London, Nov 30 (IANS) Scientists have developed a low-cost graphene-based microphone that is nearly 32 times more sensitive than microphones of standard nickel-based construction.
The team from THE University of Belgrade, Serbia, created a vibrating membrane — the part of a condenser microphone which converts the sound to a current — from graphene.
They were able to show up to 15 dB higher sensitivity compared to a commercial microphone at frequencies up to 11 kHz.
“We wanted to show that graphene, although a relatively new material, has potential for real world applications,” explains Marko Spasenovic, an author of the paper.
“Given its light weight, high mechanical strength and flexibility, graphene just begs to be used as an acoustic membrane material,” he added.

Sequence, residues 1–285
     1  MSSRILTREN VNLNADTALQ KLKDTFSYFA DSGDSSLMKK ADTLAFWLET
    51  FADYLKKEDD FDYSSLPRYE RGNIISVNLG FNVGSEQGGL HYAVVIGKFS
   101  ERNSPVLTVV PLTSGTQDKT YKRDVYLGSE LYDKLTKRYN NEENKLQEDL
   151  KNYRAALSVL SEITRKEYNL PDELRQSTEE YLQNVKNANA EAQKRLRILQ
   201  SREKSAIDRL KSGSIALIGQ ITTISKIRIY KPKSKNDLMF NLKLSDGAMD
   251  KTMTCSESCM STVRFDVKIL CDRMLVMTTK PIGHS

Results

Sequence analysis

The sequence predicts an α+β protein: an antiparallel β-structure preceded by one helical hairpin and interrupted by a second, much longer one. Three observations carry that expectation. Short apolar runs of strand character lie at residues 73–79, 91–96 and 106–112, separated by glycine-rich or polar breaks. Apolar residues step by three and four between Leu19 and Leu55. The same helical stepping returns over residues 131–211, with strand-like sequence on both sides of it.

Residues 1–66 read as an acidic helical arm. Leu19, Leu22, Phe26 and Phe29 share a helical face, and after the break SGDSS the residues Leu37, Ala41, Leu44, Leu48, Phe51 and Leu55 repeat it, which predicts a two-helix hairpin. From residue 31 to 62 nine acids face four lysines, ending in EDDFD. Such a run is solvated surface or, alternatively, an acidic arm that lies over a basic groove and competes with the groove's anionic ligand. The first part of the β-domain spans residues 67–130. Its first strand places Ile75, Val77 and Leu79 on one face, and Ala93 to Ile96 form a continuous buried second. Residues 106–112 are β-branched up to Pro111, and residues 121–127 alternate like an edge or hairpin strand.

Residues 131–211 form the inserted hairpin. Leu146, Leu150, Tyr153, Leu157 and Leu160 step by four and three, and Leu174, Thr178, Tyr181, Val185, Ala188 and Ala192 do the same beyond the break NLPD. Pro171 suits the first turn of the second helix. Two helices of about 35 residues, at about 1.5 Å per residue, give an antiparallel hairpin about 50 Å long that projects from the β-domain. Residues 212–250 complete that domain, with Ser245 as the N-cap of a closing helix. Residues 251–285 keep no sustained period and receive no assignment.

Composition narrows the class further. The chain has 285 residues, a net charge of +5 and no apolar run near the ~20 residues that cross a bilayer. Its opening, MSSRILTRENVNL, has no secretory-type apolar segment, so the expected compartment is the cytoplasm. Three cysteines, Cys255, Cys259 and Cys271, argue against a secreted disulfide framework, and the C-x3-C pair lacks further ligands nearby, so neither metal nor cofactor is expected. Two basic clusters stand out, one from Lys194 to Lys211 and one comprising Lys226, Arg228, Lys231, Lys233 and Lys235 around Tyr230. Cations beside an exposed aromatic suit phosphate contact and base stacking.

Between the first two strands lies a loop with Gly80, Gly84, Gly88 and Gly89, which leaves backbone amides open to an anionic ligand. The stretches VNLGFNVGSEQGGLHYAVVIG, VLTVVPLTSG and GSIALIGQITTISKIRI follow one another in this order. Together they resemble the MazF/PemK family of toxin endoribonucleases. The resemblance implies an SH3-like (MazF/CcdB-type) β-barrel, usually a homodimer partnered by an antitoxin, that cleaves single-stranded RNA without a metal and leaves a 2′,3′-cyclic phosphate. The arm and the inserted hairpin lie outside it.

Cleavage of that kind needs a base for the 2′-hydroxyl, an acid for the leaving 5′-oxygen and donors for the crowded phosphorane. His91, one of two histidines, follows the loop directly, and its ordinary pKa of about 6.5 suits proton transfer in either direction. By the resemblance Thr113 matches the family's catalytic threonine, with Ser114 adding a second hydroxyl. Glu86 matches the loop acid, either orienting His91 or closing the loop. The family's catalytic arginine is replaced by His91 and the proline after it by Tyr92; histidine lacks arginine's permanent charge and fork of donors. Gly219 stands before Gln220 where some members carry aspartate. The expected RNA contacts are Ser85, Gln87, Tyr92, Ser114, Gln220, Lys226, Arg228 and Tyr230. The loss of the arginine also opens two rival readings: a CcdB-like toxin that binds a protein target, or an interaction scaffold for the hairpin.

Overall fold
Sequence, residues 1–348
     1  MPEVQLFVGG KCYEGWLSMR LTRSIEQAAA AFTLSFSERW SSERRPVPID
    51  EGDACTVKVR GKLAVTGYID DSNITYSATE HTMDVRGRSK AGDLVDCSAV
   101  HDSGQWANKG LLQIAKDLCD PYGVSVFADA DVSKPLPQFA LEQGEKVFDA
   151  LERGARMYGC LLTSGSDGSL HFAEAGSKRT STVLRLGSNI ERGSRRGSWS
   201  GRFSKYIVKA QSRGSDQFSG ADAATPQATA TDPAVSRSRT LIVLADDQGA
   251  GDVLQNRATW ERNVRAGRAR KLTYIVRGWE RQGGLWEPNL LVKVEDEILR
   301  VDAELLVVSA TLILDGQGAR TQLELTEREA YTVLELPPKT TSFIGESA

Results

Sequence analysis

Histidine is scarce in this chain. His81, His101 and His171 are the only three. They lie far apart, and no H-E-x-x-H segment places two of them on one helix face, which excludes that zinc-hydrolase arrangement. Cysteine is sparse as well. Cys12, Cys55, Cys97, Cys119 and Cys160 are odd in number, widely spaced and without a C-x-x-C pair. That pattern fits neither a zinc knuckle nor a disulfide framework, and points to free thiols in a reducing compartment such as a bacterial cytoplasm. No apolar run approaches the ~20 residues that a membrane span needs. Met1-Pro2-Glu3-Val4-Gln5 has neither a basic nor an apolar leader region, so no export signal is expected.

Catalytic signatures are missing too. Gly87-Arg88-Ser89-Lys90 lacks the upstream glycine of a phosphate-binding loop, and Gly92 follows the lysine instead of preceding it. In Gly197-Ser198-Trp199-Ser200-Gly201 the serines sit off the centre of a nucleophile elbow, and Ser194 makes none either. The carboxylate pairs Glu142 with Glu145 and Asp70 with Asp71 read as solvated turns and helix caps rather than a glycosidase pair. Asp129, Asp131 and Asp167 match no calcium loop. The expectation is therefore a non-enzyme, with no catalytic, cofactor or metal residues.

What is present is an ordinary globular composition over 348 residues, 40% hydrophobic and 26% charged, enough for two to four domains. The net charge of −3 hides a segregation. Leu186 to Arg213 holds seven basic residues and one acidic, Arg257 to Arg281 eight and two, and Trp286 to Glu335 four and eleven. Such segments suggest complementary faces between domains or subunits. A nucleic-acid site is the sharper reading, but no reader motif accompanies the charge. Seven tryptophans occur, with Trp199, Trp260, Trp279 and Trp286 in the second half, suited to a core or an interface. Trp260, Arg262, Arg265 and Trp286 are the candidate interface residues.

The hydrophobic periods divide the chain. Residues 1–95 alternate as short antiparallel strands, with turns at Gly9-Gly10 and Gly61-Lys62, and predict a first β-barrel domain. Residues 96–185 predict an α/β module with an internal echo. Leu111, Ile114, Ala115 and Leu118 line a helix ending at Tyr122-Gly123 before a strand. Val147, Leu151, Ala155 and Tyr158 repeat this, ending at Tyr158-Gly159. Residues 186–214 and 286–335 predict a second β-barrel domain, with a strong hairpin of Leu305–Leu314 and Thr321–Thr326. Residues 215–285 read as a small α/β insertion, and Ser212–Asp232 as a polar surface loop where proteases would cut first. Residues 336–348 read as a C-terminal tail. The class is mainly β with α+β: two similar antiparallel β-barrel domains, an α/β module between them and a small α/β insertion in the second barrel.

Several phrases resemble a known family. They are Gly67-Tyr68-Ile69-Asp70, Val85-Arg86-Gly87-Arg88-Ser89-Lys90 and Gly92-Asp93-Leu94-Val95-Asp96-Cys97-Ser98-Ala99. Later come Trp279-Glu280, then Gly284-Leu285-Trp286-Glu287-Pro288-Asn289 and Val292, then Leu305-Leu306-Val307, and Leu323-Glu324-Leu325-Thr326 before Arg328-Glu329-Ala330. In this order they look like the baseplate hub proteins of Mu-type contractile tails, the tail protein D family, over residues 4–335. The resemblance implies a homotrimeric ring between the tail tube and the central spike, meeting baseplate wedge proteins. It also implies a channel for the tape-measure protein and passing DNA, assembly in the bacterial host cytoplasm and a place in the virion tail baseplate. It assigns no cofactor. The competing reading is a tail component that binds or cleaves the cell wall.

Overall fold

The graphene membrane, approximately 60 layers thick, was grown on a nickel foil using chemical vapour deposition to ensure consistent quality across all the samples.
The researchers also simulated a 300-layer thick graphene membrane, which shows potential for performance far into the ultrasonic part of the spectrum.
“The microphone performed as well as we hoped it would,” Spasenovic added.
“A thicker graphene membrane, theoretically, could be stretched further, enabling ultrasonic performance, but sadly we’re just not quite there yet experimentally,” he noted.
The industry is working hard to improve graphene production. Eventually, this should mean we have better microphones at lower cost, the authors concluded in the journal 2D Materials.